Don’t you love your Carpaccio! Such a simple, delicious starter. All you need is a few thin slices of tenderloin or sirloin, some Parmesan cheese, rocket salad, olive oil, balsamic vinegar and pine nuts plus maybe some truffle mayo-STOP!
Don’t go there! That’s not a Carpaccio!

The Real Carpaccio (and a bit of history)

Vittore Carpaccio was an Italian painter, born in Venice around 1460. Nearly 500 years later, in 1950, an exhibition was held in the Doge’s Palace in Venice, showing many of Carpaccio’s work. In the mean time chef Giuseppe Cipriani of Harry’s Bar was preparing a dish for one of his regular guests, the Contessa Amalia Nani Mocenigo. Her doctor had ordered her to eat uncooked food, especially raw, red meat. Most likely she suffered from anemia. The poor Contessa was used to excellent food, so something raw on a plate wasn’t very appealing. Chef Cipriani created a special dish for her, which he named after, indeed, the painter Carpaccio. Some say this was a tribute to the whites and reds as used by Carpaccio.
By the way, Giuseppe Cipriani was also the creator of the Bellini, a very nice cocktail based on white peaches, named after the painter.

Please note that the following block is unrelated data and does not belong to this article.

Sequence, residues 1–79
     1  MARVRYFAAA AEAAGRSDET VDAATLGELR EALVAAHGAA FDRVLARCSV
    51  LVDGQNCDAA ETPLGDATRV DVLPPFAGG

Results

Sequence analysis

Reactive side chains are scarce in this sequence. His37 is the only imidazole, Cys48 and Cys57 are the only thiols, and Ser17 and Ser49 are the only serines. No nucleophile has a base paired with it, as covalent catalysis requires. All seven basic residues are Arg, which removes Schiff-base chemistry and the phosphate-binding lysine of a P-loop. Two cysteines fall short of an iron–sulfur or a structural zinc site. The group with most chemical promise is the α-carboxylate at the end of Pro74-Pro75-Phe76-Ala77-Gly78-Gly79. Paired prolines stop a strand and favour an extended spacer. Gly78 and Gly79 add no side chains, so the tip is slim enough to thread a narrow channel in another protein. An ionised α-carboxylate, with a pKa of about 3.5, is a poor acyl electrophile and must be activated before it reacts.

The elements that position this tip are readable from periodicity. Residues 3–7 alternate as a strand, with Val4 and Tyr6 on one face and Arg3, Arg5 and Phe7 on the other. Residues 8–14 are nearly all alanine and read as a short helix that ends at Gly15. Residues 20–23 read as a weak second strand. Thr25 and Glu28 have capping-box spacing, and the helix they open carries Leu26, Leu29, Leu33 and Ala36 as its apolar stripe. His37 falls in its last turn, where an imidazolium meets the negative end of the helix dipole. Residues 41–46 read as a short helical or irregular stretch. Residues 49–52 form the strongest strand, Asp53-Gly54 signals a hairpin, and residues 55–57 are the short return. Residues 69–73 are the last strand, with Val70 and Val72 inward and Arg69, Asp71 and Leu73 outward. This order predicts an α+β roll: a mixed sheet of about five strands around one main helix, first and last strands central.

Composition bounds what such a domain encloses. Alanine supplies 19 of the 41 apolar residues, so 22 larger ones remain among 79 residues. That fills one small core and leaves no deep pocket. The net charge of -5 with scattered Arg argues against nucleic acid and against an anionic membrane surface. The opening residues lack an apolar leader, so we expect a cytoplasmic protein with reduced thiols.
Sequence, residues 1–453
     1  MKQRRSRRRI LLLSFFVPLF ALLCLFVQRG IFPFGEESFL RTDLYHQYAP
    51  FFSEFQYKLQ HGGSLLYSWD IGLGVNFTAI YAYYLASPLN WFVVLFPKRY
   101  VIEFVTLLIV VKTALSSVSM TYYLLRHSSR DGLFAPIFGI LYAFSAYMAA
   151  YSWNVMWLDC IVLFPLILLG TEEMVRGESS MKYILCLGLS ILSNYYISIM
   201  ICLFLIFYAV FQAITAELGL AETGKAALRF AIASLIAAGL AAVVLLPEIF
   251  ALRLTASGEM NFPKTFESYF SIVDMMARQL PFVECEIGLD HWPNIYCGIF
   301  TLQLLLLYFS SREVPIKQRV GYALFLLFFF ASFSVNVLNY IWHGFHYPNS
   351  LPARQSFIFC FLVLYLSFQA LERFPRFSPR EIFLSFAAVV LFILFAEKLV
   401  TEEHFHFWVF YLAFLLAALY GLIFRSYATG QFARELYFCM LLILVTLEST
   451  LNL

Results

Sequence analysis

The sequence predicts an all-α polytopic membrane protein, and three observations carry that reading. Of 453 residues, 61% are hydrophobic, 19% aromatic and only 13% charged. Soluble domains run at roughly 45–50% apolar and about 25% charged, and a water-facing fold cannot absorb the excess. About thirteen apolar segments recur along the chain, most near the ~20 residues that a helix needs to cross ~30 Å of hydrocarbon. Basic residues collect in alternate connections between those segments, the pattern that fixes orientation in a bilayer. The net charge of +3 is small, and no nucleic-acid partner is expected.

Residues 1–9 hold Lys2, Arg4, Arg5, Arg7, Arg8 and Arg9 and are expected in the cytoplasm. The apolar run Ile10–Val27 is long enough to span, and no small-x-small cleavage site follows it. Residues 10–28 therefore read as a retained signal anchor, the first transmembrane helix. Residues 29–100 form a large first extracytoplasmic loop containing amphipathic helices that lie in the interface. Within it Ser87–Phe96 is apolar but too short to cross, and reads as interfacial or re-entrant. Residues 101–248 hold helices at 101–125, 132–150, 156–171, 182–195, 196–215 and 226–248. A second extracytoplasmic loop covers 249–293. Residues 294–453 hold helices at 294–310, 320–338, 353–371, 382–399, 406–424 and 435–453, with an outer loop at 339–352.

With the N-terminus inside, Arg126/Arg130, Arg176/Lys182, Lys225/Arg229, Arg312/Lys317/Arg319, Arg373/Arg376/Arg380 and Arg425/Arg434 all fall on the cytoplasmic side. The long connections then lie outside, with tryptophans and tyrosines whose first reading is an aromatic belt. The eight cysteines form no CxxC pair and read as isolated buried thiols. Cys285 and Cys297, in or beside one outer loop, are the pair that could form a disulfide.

Wine Pairing

We suggest enjoying your Carpaccio with a glass of Pinot Grigio or a Soave. It should be a fruity, not too powerful wine. Carpaccio is about the taste of the meat. The sauce and the wine should simply support this.

What You Need

  • 50 grams of excellent Tenderloin or Sirloin (per person) thinly sliced, cold but not frozen.
  • (Home made) Mayonnaise
  • Worcester Sauce
  • Lemon
  • White Pepper (freshly ground)
  • Mustard (optional)
  • Milk

What You Do

Take one or two spoons of mayonnaise and add two teaspoons of Worcester sauce, two teaspoons of lemon juice and some white pepper. Taste and adjust. Now add milk, creating a thin sauce. Remove the meat from the refrigerator, flatten the meat if so required and transfer to a cold plate. Create a nice pattern with the sauce, using a sauce bottle. Serve immediately.

 

Haddock with White Beech Mushrooms

Popular Fish

When you mention Haddock, Cod is never far away. Two of the world’s most popular fish. Many recipes and foodies describe the two as being very similar in terms of taste and preparation. We humbly disagree. We think Haddock is more flavourful and present compared to the mild taste of Cod. The structures differ as well, although both require your constant attention; they easily overcook.

Beech Mushrooms are more and more widely available, which is great. The slightly nutty  taste in combination with their texture makes them ideal for this dish. And the golden colour of the fried white beech mushrooms is perfect with the golden colour of the fried haddock.

Wine Pairing

Our choice was a bottle of Pinot Grigio made by MezzaCorona. This is a dry and crispy white wine with a beautiful deep yellow colour. It’s an elegant wine with just the right acidity to relate to both the fish and the mushrooms.

What You Need

  • 200 grams of Haddock (without the skin)
  • 100 gram of Beech Mushrooms
  • Butter
  • White Pepper

What You Do